#3. "RE: September Aurora w/ Big Dipper" In response to Reply # 2
Neil, The Harvest Moon was kickin' our butts that night. Longer exposures were washed out even with lower ISO or higher ƒ-stops. You can see some of that in the lower portion of the image. There is a slight bluing of the sky.
I have shot the 24mm on the D700 for Aurora as well as the 28mm ƒ/2.0 AI MF. Both do fairly well wide open but there can be a bit of distortion of bright lights near the edges unless I stop down. I am not sure if it is barrel or CA I see but the lights appear to have what I call "bat wings". The distortion is present on both the D300 and D700 with the 24mm ƒ/2, the 28mm ƒ/2, and the 35mm ƒ/1.4. I have not checked it on my 50mm ƒ/1.4 (I have both the MF and AF-D versions).
The only fast lens I have that performs great wide open in the dark is the Noct-Nikkor 58mm ƒ/1.2. I will use the Noct if I am going for a small section of the Aurora display.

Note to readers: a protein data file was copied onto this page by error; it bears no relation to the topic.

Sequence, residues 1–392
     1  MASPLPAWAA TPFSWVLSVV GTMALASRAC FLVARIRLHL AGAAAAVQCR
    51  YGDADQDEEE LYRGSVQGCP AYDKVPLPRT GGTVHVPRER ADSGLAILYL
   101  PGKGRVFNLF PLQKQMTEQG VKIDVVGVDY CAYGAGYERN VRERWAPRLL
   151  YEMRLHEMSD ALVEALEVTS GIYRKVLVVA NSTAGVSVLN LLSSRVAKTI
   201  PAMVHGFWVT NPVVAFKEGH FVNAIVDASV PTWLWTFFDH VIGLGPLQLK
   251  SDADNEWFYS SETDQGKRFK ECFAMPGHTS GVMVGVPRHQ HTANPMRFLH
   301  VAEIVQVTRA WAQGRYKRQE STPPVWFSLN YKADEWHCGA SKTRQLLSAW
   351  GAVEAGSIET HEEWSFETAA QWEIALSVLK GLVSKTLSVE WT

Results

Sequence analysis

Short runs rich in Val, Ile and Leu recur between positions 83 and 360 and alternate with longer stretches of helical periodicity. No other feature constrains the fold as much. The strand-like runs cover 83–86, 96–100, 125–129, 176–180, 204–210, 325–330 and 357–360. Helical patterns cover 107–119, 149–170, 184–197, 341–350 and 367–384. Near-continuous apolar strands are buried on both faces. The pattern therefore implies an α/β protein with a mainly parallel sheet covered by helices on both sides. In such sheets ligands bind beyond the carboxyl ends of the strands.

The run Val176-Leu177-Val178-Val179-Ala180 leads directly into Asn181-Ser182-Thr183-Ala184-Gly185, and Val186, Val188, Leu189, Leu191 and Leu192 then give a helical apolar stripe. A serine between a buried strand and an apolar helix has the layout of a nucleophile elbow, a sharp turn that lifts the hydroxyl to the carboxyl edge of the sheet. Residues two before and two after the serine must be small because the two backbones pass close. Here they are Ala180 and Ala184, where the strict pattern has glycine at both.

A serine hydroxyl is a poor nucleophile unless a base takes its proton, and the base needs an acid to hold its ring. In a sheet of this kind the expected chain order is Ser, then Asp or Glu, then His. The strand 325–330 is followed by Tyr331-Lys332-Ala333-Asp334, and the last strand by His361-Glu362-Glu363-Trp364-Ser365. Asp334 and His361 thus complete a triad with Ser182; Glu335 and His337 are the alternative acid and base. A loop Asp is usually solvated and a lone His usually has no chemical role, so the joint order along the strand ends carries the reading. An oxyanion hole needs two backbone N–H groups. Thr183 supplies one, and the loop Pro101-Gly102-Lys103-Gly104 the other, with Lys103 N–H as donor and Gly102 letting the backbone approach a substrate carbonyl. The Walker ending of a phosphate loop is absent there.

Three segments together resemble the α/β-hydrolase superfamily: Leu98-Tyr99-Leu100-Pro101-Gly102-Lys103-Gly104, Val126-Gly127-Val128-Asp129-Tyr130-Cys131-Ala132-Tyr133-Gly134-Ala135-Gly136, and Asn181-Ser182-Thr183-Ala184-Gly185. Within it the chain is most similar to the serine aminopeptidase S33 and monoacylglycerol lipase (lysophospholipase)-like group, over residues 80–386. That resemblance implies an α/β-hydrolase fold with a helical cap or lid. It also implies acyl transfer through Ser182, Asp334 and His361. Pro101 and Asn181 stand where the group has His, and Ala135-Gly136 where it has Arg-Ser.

Here is one from the same night with the Noct on the D700 - 58mm ƒ/1.2 - ISO 1600 - .5sec. The moon was really difficult as longer exposures were showing "glow".
#5. "RE: September Aurora w/ Big Dipper" In response to Reply # 4
I wasn't thinking about the moon.
If the distortion is symmetrical then it is a bit of astigmatism. If the distortion looks like small comets, all pointed toward the optical center, then it is coma. My understanding is that wider than f/4 or so almost all lenses will show one or the other. Lenses are basically designed to have one or the other- it's a designer's choice.
Except the Noct of course . You are blessed to have that lens.